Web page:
Palazzo venturi ginori, medallion with a Marsilio Ficino bust.
Today’s sharing from the Blue House of HYGEIA is a quote from the foreword of Marsilio Ficino’s new-edition-in-the-making of his ‘Collected Letters’. Translated and annotated by Julie Raynaud and Sebastien Galland. Edition Vrin, 2019.
…/…‘This correspondence also testifies of the existence of a true practice of philosophy as care of the soul, a therapy in the antic mode. Such a moral orientation, singular in Ficino’s work, as it contains no moral treatises as such, may authorize us to take the letters of the Florentine as the practical counterpart of his philosophy, another way to report about the fundamental intuition of his wisdom: Man can make himself ‘quasi deus’. In this aspect, Ficino is well part of this Quattrocento tradition that stipulates with Collucio Salutati or Leonardo Bruni, the primacy of will, the value of human labor, of individual action. The Platonistic asceticism and the saturnian taste for contemplative isolation don’t hinder Ficino to meditate on the themes of education, of civilian life, the daily efforts that humanity makes to be worth of its Creator, spiritual exercises- those Pierre Hadot considers them characteristic of the antic way of philosophizing. This epistolary work where it is undeniable that the moral is stoic and operates as an introduction (propaedeutic) to a renovated Platonism, confirms what Raymond Marcel noted at the very beginning of his biography of Marsilio Ficino:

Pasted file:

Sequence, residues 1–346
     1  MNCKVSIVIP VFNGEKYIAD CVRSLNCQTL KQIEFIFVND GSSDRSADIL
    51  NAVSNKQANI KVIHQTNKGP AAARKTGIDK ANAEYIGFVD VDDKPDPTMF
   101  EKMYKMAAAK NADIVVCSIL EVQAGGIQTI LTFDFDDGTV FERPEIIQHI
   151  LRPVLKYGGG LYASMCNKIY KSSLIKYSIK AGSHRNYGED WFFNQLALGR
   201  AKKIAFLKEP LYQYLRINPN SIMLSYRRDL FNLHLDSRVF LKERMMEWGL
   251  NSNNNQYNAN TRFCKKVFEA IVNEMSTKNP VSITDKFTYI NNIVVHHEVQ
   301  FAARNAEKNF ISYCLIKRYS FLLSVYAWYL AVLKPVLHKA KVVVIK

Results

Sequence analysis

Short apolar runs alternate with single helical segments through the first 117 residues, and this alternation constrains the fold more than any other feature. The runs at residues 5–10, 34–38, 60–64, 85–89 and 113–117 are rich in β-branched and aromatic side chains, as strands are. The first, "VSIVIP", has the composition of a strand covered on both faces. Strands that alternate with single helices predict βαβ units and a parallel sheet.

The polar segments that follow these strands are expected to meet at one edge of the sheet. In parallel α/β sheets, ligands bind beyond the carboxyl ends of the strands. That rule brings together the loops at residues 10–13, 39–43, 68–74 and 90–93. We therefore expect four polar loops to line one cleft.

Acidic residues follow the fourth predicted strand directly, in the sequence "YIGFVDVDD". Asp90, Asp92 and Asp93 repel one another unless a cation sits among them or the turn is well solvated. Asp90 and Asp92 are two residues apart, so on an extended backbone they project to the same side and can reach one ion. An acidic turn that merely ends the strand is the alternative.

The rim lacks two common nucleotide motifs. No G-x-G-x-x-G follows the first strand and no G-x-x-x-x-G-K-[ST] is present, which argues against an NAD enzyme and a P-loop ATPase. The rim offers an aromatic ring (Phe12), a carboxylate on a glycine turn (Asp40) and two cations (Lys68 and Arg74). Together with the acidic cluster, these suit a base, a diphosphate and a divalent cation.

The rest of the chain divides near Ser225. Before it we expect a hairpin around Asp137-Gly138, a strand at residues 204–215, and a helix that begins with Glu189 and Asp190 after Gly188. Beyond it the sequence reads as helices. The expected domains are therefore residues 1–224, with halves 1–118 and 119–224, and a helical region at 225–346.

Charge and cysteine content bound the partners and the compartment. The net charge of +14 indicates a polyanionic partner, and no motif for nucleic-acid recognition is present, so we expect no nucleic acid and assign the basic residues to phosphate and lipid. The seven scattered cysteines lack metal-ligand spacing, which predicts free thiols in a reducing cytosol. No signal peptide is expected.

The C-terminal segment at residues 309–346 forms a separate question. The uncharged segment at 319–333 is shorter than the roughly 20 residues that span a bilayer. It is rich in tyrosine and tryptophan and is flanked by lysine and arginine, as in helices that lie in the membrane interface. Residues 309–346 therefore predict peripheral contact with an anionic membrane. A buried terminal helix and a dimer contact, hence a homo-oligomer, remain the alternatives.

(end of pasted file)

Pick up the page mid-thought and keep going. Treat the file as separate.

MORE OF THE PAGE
‘There was no Renaissance without stoicism imposing itself as the complement of Platonism.’ Therefore the reading of the ‘Correspondence’ suggests that there is beyond Ficino the translator and the platonic Ficino, another one, the stoic Ficino heralding, in a way, the rebirth of the philosophy of the Porch (Stoa Poecile) in the following century. It is a rather platonizing stoicism, that of Cicero, of a Seneca, that Ficino reintroduce in his letters which function is as much the actualization, the practical realization of wisdom, than an introduction (propaedeutic) to Platonism, only philosophy that is in full agreement with Christianity. Because this correspondence doesn’t disrupt the great project of a concord of all wisdoms, but opens it to the pagan philosophies of action, the very ones where letters (correspondences) are of importance.
Like with Seneca, the ficinian correspondence testify of a great attention to any tiny details in the progress of his correspondents engaged on the path that leads the soul towards self-knowledge, towards its divine source, towards the One. The reading of the letters therefore leads to identify the practical aim of the ficinian wisdom, but also to better understand how to read the prolific work of the protégé of the Medicis.’ …/…
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